Well with respect to loans, for example, one question that I'm not clear on, I don't know that anyone in our firm is, we're having, as you can imagine, we have seven benefits lawyers and we have a lot to talk about every day here with all of this. For example, what happens if somebody has a loan and they go into default? Well, normally that's not a distribution, right? They are. There has to be a distributable event, but what if they go into default and then they have a distributable event hand that now be treated as a coven 19 distribution or are they stuck with loan treatment? I don't have an answer to that.

 

Rick Unser (24:12):

And the significance of that would be they could take the tax consequence over three years and avoid the 10% penalty if they're under 59 and a half.

 

Sherrie Boutwell (24:21):

Well, I don't think for a covert 19 and a 401k it's going to matter if they're 59 and a half or not.

 

Rick Unser (24:28):

Yeah, no, that's I'm thinking is it versus if the, if it wasn't a Cova distribution, then if they were under 59 and a half, their amount that they defaulted would be considered a 10% penalty if they're under 59 and a half. So if they can somehow get it qualified as a coven distribution, then maybe they avoid the 10% and maybe they could take the taxes over a three year period versus in the year of default.

 

Sherrie Boutwell (24:55):

Right, exactly. So for example, under Katrina, you know there were certain types of things that the IRS gave guidance and regulatory relief on. I know they're working on that sort of thing now, and I think most of the lawyers that I know are looking to the guidance that came out about Katrina disaster relief to get guidance on how to interpret some of the coven 19 distributions and loans. And let me just circle back to plan amendments because I do want to make sure we talk about that. The cares act allows an extended period, remedial amendment period to get amendments in place for these coven 19 distributions, loans, et cetera. However you will need to know how you're going to implement it and keep a record of that so that you get the amendment right when you have to do the amendment here, you know, in 2022 and then the other piece about amendments is even though there's an extended remedial amendment period for these distributions, if you're looking to freeze contributions, there's no extended remedial amendment period for that. And if your allocations or contribution accruals are based on a thousand hours, it's April and many employees will be starting to hit a thousand hours if they haven't been laid off or furloughed. So it's important if you think you're going to need a plan amendment to really pay attention to that right now. What do you need to amend and do you have an earlier deadline for other reasons other than just implementing, you know, a Cove at 19 distribution option. That's what I want to make sure I got out.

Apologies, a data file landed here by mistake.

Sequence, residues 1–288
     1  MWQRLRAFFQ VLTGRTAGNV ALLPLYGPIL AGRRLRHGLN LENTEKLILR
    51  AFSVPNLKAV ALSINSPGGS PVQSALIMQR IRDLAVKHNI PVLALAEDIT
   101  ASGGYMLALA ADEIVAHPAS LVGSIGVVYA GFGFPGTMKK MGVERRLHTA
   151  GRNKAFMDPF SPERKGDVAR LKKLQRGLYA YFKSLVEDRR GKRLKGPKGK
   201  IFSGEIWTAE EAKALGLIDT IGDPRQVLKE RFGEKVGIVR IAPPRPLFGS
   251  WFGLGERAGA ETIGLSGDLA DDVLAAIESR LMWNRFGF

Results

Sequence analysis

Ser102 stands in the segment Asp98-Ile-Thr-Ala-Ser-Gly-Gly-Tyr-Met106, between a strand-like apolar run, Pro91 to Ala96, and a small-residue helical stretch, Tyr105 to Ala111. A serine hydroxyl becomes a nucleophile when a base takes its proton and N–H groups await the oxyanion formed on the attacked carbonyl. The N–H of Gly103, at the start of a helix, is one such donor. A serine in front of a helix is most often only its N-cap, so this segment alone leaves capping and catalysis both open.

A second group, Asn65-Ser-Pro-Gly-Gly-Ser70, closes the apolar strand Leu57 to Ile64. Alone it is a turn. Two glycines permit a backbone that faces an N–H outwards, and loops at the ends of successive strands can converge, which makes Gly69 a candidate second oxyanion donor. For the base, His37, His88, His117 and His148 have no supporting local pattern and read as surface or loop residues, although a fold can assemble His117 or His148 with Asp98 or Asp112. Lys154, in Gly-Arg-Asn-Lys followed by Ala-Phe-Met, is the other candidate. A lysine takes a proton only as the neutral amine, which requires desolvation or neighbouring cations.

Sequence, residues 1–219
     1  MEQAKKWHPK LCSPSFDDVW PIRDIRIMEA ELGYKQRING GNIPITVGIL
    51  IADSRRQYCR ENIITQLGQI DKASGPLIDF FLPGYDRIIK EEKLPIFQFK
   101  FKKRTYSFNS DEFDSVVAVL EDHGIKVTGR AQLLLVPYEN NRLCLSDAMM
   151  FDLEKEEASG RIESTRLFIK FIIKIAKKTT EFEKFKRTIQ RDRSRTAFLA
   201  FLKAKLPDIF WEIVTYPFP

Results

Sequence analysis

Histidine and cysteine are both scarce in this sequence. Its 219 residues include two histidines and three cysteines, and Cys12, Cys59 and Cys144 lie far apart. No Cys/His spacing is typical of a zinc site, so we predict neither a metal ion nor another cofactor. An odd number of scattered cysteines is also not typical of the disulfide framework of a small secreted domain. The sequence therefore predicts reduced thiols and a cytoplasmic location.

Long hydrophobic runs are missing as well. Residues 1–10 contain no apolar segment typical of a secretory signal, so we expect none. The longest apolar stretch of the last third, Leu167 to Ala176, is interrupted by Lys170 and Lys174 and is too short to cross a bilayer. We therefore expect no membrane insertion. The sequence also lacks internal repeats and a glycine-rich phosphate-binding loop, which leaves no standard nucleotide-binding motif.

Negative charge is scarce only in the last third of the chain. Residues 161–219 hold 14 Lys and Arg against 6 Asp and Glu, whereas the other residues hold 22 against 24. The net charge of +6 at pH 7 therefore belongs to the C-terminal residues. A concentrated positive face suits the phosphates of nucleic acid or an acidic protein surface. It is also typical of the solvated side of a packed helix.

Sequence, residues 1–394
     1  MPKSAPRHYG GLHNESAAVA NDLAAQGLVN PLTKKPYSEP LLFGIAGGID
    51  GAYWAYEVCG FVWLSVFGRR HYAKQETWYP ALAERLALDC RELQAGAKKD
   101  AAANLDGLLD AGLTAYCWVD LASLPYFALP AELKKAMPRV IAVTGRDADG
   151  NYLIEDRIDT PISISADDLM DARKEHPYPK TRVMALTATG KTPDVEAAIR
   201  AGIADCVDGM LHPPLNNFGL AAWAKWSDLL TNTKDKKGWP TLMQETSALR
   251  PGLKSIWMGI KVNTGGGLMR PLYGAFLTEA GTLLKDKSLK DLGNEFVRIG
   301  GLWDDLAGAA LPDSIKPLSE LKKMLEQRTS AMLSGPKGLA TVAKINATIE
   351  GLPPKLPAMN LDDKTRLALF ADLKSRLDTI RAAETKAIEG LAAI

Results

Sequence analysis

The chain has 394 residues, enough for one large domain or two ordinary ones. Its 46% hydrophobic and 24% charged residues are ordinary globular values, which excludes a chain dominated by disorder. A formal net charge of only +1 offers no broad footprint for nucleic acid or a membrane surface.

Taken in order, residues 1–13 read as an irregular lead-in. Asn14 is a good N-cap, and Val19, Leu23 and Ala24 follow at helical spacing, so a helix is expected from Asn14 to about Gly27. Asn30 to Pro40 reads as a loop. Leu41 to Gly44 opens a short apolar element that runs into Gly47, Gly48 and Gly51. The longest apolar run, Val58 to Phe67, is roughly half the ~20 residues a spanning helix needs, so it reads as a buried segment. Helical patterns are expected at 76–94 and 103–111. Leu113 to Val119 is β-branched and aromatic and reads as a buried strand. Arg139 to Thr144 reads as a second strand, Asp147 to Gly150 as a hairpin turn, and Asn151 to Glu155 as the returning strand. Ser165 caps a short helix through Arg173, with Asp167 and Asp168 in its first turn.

Rick Unser (26:47):

Awesome. Before we pivot away from coven and the related distributions in loans. Well I guess we should probably hit on RMDs if you've got anything that you think of interest or importance to, to chat about on that level.

 

Sherrie Boutwell (27:03):

No, other than I think that's not optional. It seems that the RMD waiver is what it is. At least that's the consensus that I'm hearing in my world so I'm don't be forcing arm views right now. That could certainly be an issue, especially with the market where it is. The other thing to think about though, you know with few people being laid off in a downmarket, you know, pay attention to what has always been a problem. This is something we probably would have talked about apart from coven 19 that is the forced cash outs. You know, a lot of plans say if you have less than 5,000 in your account and you terminate, we're forcing you out. But then in our experience that may or may not be followed in operation. So definitely pay attention to that. The other thing that I'm hearing that is distribution related and related to the circumstances under covert 19 as opposed to, so legal changes under code 19 I hear that the divorce lawyers are just gearing up because everybody's staying at home together.